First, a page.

It's said to be best to avoid businesses around the holidays and the quiet time at the start of every year. It appears that some months are better than others for finding a job because recruiters frequently advise doing so in the summer or around the conclusion of the fiscal year. The months of January and February typically see the biggest hiring. This is primarily due to fresh employment budgets that are implemented at the start of each new year. Many corporate workers, including hiring managers, return from their holiday breaks around this time of year. In addition, as business slows down in the winter, there is more time for labor-intensive tasks like writing and posting job openings.
There isn't a single hiring season because every sector and job are unique. But many experts concur that, for a variety of reasons, the start of the year is an excellent time to seek for a new job.
"Teams are acquiring new momentum, adding on new employees to meet their goals while a business is growing during the transition into the new year and into early February," said Valerie Streif, senior content manager at mock interview platform Pramp.
Each month's hiring-related benefits and drawbacks are different. What to anticipate throughout these particular seasons is as follows:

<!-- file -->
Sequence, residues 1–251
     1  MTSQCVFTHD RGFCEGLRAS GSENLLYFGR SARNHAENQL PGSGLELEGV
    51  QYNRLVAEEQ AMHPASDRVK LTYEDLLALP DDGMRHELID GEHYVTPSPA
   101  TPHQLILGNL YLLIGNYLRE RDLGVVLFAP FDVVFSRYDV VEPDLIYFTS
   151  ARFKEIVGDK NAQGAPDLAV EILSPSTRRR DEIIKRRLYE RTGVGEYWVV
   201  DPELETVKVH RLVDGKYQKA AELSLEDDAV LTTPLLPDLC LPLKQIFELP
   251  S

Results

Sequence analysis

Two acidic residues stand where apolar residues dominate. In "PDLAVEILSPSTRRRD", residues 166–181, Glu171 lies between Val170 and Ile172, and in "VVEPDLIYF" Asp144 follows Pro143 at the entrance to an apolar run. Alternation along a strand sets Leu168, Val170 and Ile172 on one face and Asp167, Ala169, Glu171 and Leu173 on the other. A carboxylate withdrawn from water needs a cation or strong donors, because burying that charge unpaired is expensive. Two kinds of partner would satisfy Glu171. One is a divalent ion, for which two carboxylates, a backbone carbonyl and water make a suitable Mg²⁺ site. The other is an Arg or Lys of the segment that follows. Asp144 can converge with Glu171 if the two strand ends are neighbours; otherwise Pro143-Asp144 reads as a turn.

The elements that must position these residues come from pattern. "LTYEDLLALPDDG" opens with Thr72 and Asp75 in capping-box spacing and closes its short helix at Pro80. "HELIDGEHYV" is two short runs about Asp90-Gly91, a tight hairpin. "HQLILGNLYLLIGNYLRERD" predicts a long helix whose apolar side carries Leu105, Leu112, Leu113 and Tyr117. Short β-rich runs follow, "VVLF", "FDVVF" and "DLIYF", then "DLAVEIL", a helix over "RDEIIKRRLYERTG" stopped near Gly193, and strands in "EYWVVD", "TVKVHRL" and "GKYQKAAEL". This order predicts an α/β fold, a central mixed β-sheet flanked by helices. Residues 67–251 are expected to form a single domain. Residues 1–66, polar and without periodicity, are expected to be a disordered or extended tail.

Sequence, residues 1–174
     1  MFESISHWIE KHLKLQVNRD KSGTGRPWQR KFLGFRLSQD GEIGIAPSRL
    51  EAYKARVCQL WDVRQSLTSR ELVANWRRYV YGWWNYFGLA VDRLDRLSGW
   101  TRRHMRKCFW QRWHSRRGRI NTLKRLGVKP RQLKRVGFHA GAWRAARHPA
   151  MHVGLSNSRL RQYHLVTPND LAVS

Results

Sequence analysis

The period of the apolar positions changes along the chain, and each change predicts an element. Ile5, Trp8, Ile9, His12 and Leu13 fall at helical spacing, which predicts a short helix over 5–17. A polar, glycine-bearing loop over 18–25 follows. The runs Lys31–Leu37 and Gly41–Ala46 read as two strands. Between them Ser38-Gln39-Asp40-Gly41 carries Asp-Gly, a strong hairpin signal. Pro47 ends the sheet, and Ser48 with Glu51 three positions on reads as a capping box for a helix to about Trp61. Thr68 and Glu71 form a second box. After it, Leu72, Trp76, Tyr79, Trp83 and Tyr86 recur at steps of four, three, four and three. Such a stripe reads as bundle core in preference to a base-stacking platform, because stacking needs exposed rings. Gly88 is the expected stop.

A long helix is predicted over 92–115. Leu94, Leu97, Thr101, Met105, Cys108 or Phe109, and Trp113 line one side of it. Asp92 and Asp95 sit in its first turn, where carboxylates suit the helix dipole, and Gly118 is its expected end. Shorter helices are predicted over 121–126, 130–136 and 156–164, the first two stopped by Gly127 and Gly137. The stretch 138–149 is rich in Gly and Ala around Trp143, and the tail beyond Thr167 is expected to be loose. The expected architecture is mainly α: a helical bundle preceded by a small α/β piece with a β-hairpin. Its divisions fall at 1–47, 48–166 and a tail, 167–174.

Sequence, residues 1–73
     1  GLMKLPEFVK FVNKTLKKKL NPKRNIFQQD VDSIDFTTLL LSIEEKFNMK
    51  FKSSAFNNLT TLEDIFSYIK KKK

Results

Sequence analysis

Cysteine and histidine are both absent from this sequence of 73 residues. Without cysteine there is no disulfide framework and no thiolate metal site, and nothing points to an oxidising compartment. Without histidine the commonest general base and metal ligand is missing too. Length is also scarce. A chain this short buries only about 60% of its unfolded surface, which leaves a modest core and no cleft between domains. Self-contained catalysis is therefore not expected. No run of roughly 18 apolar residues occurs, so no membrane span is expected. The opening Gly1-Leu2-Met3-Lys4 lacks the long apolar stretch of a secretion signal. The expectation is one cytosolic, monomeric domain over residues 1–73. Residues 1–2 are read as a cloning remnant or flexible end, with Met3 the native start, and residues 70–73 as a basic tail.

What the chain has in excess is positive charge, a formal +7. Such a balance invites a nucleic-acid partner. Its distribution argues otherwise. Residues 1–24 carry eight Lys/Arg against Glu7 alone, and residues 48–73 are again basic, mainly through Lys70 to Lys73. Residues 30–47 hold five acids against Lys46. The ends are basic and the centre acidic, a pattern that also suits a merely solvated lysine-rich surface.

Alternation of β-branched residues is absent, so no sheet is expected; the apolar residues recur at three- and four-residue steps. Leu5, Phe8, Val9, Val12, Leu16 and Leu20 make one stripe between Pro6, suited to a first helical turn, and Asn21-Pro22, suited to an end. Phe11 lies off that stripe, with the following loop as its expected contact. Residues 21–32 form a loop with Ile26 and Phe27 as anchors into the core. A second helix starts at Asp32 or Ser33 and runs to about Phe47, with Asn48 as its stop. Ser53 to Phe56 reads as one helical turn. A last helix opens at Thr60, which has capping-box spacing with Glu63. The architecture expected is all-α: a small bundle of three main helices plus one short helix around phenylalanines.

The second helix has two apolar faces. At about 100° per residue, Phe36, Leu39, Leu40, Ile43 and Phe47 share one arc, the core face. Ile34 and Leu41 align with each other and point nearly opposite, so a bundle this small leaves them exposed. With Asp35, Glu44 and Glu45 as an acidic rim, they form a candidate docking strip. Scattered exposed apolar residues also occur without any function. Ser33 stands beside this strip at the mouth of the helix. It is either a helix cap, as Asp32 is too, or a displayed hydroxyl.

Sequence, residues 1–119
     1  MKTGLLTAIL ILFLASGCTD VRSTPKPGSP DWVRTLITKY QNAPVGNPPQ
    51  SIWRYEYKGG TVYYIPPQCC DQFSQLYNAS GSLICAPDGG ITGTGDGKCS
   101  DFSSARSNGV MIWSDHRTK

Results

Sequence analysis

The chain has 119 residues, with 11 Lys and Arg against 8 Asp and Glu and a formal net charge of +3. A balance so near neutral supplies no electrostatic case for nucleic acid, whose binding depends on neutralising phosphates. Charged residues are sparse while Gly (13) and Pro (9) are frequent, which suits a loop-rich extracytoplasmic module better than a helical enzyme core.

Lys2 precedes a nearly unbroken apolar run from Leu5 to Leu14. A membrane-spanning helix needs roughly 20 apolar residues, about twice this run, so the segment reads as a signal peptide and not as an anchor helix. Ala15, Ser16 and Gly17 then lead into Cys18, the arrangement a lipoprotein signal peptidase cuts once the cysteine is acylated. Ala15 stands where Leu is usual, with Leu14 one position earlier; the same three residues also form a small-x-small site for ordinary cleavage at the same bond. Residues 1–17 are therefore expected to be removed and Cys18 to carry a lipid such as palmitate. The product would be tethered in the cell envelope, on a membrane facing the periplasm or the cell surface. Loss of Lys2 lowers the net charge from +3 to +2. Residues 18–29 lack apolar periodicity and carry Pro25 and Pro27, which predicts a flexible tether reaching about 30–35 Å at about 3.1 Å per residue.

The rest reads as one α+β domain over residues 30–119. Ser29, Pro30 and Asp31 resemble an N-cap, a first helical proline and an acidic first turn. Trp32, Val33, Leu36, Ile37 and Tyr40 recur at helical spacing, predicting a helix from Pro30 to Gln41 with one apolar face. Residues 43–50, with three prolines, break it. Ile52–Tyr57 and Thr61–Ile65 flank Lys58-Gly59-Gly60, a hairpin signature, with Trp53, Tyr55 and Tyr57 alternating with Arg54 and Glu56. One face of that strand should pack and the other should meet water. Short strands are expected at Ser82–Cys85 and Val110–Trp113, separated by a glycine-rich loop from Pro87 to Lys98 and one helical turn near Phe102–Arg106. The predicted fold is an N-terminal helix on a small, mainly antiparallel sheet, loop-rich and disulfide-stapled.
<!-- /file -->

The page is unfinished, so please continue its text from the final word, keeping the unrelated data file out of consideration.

December has historically been the slowest month for hiring. As they plan for the holidays and take trips out of state during this month, people typically use the majority of their vacation time. The atmosphere at the office is more laid-back. As they get involved in holiday activities, employees frequently work at a slower pace, which departments frequently notice. December is a good time to schedule medical procedures if you have already met your insurance deductible.
Despite the fact that January and February are regarded as the best months for hiring, you can encounter slower than typical response times during the first two weeks of January as workers come back from holiday. But generally speaking, these are the greatest months to hunt for job openings if you're trying to get employed. Hiring managers are motivated to do the responsibilities they have been putting off at the start of a new year. Updated budgets that enable managers to make crucial choices like hiring more employees are a big source of motivation.
Since employees are returning to the workplace and operating at their normal pace in February, it is the best month of the year to look for employment. Job postings made in January attract a lot of applicants by February.
Even though companies hire more new team members in January and February, spring still is a good time to apply for jobs. The late winter hiring season surge typically lasts well into early summer, allowing hiring managers time to advertise new jobs.
On the other hand, the good job openings are filled earlier in spring, and waiting until April or May will yield less promising roles.